A new public artwork for Gladstone Park commissioned by Brent Council in partnership with Lin Kam Art will be unveiled this October to coincide with Black History Month.
The artwork breaks new ground in the conversation over public spaces with links to the transatlantic slave trade.
The Anchor, The Drum, The Ship (2022) installation brings together a variety of plant species, native to Britain, the Mediterranean and Africa planted across three shapes: the Akan symbol for a Double Drum, a ship, and an anchor to evoke themes of Black migration, belonging, communication, music and collective renewal.
Local people are invited to attend an unveiling event to see the artwork for the first time from 12-1.30pm on 14 October at Gladstone Park. The artwork can be found opposite the pond, near the site of Dollis Hill House. There is no need to book.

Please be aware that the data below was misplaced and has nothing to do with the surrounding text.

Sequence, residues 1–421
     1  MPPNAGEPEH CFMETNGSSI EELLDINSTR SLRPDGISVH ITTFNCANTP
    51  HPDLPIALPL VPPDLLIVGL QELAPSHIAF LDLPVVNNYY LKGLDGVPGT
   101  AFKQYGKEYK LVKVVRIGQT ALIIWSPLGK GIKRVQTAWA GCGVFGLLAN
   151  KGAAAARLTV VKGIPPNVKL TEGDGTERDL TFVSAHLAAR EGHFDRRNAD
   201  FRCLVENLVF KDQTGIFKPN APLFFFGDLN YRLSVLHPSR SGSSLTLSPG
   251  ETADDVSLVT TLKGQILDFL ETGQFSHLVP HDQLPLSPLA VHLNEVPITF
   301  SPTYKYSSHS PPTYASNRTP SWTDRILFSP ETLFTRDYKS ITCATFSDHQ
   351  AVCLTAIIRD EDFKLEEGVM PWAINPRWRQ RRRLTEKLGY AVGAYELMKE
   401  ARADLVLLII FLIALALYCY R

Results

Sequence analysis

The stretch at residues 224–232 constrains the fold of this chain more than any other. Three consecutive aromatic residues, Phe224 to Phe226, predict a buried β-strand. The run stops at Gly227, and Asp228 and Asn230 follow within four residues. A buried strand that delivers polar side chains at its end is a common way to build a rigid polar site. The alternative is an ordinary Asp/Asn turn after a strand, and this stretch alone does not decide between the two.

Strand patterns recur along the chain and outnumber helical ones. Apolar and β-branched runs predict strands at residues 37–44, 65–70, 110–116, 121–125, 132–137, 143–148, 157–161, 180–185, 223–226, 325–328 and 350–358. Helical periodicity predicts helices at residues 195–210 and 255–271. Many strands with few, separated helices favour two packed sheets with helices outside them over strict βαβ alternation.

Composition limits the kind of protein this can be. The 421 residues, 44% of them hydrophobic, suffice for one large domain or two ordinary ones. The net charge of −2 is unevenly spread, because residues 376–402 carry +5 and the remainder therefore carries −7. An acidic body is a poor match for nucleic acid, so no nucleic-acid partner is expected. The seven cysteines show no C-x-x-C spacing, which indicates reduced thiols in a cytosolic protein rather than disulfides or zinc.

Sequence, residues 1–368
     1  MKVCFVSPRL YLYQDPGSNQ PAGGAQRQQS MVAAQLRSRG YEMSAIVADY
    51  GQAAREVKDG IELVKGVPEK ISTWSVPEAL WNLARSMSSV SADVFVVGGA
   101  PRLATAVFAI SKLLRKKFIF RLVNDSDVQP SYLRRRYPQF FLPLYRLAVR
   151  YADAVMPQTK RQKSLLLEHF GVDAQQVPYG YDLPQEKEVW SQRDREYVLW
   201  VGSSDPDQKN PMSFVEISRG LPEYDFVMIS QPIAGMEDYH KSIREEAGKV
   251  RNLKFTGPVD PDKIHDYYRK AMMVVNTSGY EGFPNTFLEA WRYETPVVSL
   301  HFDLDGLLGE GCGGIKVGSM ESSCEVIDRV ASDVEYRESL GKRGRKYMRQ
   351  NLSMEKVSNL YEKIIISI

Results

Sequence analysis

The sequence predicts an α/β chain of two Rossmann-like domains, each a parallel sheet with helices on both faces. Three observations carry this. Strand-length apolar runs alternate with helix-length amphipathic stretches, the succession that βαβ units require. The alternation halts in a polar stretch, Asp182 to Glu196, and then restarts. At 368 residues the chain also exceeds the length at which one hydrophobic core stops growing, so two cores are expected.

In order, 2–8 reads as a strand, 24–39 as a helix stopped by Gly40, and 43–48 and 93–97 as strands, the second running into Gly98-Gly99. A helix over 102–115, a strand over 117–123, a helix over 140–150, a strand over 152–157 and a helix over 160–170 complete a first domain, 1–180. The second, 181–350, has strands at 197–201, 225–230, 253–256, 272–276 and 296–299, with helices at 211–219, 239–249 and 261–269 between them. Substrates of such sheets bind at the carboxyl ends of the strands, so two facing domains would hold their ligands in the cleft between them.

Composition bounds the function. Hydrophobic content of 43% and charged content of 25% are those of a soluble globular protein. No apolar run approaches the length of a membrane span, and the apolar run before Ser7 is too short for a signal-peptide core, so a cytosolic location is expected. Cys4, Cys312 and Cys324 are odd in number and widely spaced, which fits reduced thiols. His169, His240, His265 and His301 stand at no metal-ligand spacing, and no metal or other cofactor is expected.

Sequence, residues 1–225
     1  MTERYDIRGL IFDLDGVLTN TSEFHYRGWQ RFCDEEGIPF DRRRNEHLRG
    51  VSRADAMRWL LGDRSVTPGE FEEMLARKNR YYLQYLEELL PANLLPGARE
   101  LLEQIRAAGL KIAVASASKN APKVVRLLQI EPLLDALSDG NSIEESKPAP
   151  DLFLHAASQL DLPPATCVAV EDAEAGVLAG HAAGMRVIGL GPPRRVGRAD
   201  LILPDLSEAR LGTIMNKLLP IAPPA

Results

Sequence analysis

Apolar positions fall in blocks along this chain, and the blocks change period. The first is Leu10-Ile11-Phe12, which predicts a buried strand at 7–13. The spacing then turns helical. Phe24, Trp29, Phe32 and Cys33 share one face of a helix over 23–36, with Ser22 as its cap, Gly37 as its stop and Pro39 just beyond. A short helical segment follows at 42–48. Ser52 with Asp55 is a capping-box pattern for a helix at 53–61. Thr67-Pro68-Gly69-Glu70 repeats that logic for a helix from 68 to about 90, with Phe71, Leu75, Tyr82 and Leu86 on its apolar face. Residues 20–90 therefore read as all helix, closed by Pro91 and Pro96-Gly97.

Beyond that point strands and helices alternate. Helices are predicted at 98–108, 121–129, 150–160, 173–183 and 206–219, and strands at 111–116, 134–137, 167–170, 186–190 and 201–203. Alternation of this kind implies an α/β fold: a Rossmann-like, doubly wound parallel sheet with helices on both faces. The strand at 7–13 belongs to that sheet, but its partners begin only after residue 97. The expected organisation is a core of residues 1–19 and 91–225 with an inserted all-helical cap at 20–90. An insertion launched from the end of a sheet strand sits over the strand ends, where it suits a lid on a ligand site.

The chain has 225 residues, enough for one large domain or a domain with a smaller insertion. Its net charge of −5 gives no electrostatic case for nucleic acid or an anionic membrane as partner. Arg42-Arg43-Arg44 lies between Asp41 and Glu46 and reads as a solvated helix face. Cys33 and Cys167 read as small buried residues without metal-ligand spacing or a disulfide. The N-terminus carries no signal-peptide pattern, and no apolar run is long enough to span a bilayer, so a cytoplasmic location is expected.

This is the first time in the UK’s history that a public artwork of this kind has been used to acknowledge the contested history of a green space.
Gladstone Park was named after former British Prime Minister William Gladstone whose family owned plantations in the Caribbean and received the largest compensation payments made by the Slave Compensation Commission.
The Gladstone family name was identified for review as part of the Commission for Diversity in the Public Realm, launched in 2020 to review statues, streets names and landmarks to help people have a better understanding of London’s diverse histories.
Brent is one of the most diverse areas in the UK, with the seventh biggest Black community in London.